We made a quick trip across Route 5, and sped through the little town of Fayetteville, NY; this small, cosmopolitan village is only a few minutes from Syracuse. The root word “Fayette” is a very popular name for Upstate New York towns and streets. These places are named for the electrifying young nobleman from France who aided George Washington during the American Revolution– the Marquis de Lafayette. After the Revolution, in 1824-25, Lafayette victoriously toured across the United States and was met with parades of people, fireworks, flowers, and other celebrations. He was and still is a highly-celebrated national hero, for he epitomized the youthful purity and energy of the American cause of liberty. He was, obviously, a devoted darling of George Washington and all the founding men of our country. And here’s a little trivia tidbit for you: when U.S. general John Pershing landed the American Expeditionary Force in France during World War I, his first words were “Lafayette, we are here!”
I don’t think Lafayette ever visited his Upstate NY namesake town, but Fayetteville is historical in its own way. Fayetteville was first settled in 1792, (originally known as Manlius Four Corners). It was incorporated as a village in 1844, and renamed in honor of Marquis de Lafayette.
Fayetteville was along the path of the Erie Canal, which brought incredible prosperity to all Upstate cities along the towpaths. Fayetteville also sits on precious limestone deposits from which cropped up mills and mines. Today, Fayetteville is a goldmine of prosperous and educated people, boasting a median household income of $50,598 and the median family income reportedly at $66,201, with only 1% of its population below the poverty level. It sits in a convenient spot, so close to one of Upstate’s largest cities (Syracuse) with nearly a dozen colleges and universities within commuting distance. 81% of Fayetteville residents 25 and older have college degrees.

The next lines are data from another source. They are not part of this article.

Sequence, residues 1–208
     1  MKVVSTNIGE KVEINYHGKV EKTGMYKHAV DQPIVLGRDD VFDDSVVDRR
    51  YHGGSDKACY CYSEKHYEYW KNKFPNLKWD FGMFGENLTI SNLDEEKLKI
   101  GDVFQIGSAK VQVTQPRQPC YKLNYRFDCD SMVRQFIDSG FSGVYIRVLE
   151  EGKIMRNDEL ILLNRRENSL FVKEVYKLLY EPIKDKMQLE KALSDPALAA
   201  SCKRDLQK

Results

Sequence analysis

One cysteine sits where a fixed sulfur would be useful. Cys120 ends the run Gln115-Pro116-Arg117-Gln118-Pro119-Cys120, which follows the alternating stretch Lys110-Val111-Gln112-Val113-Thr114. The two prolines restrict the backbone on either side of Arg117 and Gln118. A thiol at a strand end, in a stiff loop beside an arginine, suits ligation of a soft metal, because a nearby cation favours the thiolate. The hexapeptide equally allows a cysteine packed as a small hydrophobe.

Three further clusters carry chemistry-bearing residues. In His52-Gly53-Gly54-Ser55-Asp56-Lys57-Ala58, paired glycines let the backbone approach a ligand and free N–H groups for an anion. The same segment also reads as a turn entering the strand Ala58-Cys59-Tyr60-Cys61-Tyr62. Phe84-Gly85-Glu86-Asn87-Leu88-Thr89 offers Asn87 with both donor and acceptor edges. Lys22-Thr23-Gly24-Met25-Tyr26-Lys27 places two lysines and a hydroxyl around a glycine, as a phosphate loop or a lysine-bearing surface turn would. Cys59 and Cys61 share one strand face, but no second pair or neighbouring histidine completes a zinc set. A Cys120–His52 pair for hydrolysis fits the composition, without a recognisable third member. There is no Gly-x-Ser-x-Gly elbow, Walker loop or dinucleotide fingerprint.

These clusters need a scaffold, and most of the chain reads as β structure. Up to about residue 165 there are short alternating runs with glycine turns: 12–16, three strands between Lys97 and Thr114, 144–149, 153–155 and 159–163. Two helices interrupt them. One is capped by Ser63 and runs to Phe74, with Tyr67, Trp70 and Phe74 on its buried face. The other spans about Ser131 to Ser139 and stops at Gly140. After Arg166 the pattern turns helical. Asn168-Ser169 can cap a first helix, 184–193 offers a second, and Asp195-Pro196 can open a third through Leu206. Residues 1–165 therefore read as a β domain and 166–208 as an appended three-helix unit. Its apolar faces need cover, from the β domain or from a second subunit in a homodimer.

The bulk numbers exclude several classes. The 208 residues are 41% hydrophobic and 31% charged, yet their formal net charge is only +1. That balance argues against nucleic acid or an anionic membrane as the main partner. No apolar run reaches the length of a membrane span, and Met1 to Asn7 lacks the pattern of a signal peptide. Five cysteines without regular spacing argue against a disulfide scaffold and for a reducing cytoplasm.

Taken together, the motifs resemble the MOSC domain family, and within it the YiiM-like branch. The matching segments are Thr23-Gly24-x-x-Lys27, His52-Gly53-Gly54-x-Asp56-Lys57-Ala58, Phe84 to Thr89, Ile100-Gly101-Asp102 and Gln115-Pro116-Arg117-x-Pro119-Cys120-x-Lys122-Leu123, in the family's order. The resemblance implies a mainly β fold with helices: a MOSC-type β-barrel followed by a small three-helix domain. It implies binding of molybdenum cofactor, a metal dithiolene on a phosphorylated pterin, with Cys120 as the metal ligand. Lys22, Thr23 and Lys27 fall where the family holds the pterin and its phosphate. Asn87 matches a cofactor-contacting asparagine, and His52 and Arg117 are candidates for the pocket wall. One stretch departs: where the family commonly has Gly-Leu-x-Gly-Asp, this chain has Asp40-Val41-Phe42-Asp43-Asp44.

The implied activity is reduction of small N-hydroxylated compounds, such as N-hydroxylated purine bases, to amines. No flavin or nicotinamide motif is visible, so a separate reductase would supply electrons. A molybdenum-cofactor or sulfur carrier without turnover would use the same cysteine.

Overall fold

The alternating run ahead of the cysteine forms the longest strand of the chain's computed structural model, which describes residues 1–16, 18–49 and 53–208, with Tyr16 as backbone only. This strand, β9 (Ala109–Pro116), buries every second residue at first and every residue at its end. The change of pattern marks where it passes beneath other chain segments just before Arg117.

This is a snapshot of Fayetteville’s Presbyterian Church on Route 5, built in 1859. It merged with Baptist congregation in 1933 and is known as the United Church.
Fayetteville was the boyhood home of President Grover Cleveland. His father, Reverend Richard Falley Cleveland, was pastor of the Presbyterian Church when Grover was four years old. The Clevelands lived there until they moved to Clinton, NY, in 1850, when Grover was about 13 years old.
The Fayetteville Library website at fayettevillefreelibrary.org has an excellent page about Grover Cleveland, including photos of his boyhood possessions.
It was difficult to tell exactly which house was the Cleveland’s. The traffic was heavy and big snowbanks on the sides of the streets didn’t leave me much time for investigation. I snapped a photo of this house, the one that held the historical marker. Was this the Cleveland home?
Update: No, upon investigation, I see that the Cleveland home is on Academy Street and looked like this in 1899.
Fayetteville was also the home of Matilda Joslyn Gage, an active abolitionist and womens’ rights advocate.
Some of the older photos are courtesy of the Fayetteville Library webpage.